Learn more Start Creating

3 Reasons 'Black Panther' Is A Black Cultural Icon

The cultural significance behind the celebration of blackness

Nobody ever denied the Marvel Cinematic Universe's influence over the masses, and one could look no further than the box office to understand that. Eighteen films in a franchise, though, and you'd be remiss if you thought superhero fatigue would've settled in by now.

Enter 2018, and this most recent "superhero flick" prioritizes political intrigue, race relations, and moral ambiguity in Ryan Coogler's Black Panther film, the highest-grossing film of 2018, seventh in the United States, and twentieth of all time.

The biggest debut by an African American director boasts a predominantly black cast, the best reviews (beating out both Nolan's The Dark Knight and Iron Man) for a superhero movie, and yet still garners the question: What makes Black Panther so engaging to audiences? First, let's start with

1. The Director

Ryan Coogler is a well-renowned film director, similar in vein to Quentin Tarantino only in the fact that both produce, comparatively to other high-demand filmmakers, very few but powerfully-influential works.

His first feature film, Fruitvale Station, gathered acclaim and the majority of audience/grand jury awards in 2013's Sundance Film Festival, a feat he built upon when co-writing and directing Creed, the seventh installment in the Rocky film franchise, and from both films a collaboration with actor Michael B/ Jordan further flourished.

The fact that Black Panther's director who, since the age of twenty-one served as a counselor for the incarcerated youth in San Francisco's Juvenile Hall, has very much so lived out the same life he so often realizes in his films, only further adds to why Marvel's latest feature film rings truer to its audiences.

Coogler is a founding member and avid supporter of Blackout For Human Rights, a campaign designed for the specific purpose of addressing racial and human rights violations in America.

Not simply a film director making a "quick buck" or even just passionate about filmmaking as an art form, Coogler has time and again used his cinematic voice to convey the thoughts and feelings of people of color across the silver screen for all to see. Secondly, we must consider

2. The Ethnocentric Emphasis

While many filmgoers are no stranger to race relations being confronted in a film, this was a case wherein a major company, Disney/Marvel, took it upon themselves to challenge the status quo for mainstream audiences.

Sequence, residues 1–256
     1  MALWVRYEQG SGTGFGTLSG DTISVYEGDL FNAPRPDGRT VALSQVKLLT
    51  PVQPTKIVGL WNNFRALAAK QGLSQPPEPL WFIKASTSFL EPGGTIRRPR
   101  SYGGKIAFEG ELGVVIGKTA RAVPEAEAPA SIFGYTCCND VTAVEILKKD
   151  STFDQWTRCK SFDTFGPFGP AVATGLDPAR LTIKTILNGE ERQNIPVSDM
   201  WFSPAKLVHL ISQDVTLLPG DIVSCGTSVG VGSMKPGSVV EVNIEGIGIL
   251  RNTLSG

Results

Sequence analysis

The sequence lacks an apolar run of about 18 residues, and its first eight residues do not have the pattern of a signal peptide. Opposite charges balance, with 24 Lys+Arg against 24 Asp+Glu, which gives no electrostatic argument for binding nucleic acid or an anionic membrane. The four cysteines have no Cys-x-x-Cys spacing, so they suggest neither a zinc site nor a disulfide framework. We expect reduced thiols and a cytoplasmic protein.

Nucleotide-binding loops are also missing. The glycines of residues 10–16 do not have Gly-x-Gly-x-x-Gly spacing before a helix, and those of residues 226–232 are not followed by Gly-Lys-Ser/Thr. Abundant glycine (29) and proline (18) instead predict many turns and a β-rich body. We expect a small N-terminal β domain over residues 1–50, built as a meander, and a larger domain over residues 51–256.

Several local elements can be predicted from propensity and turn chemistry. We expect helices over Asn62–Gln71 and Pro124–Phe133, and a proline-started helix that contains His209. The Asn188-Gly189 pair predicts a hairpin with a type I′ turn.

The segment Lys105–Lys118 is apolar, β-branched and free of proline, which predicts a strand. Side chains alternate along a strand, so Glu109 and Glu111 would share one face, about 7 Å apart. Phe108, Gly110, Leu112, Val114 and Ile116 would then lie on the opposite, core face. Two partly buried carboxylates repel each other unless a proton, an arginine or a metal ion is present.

This wasn't BET(Black Entertainment Television), a rap video, or a stand-up comedy routine, all of which are tried-and-true methods for people of color to communicate to a wider audience; this was Marvel, the biggest name in movies today, and they were making a move.

For a time, myself included, there was fear the message would become misconstrued or miss the mark entirely, what with impeding studio interference already having plagued prior Marvel movies.

Luckily, the black representation allowed for a rare opportunity for young black children to have a superhero they could not only empathize with, but physically resembled family they already idolized.

This in no way takes away from the many fan-favorite white superheroes, but does provide a comic book character for a subdivision of audiences marginalized on a national and even global scale.

Linking back to Coogler, the director set his sights on the advanced sciences, heightened technologies, and rich cultures envisioned within Wakanda's waterfalls and warring tribes, in contrast to other films centered around black pain and suffering.

The piece handles the racial identity of itself was dignity and pride, a welcome step forward in cinema that highlights the positive blackness can offer. Last, one cannot disregard the impact that came from

3. The Control of Characters

Think back to any Marvel movie, and you can name the Chosen One protagonist, Supportive Sidekick, and Snarky, Smarmy Love Interest-type caricatures with ease, but Coogler's sense of pride and admiration for blackness with a focus on the ethnocentric vision for Wakanda brings the people of his fictional place to life.

All these fully-realized characters make for an exciting, engaging film phenomenon where, as critics have pointed out, even central antagonist Killmonger (Erik Stevens, portrayed by Michael B. Jordan) is cast in a sympathetic light.

It is not hero v. villain(again), but a dueling of two ideologies colliding in a struggle that transgresses the physical combat and becomes a philosophically-intriguing debate that, by the film's conclusion, makes for two sides forever changed.

No one character is painted in a negative fashion, or without redeemable qualities, and again creates persons both for and against immigration, in favor of and against union between "people that look like us across the globe"(black) and "colonizers" (white).

Black Panther is a monumental movie with ties to other racially-motivated pieces, a la A Raisin in the Sun, that posits African-Americans in a heroic scene. It is personal favorite of mine, and hopefully, this helps you understand exactly.

Cover Image Credit: flickr

Related Content

Facebook Comments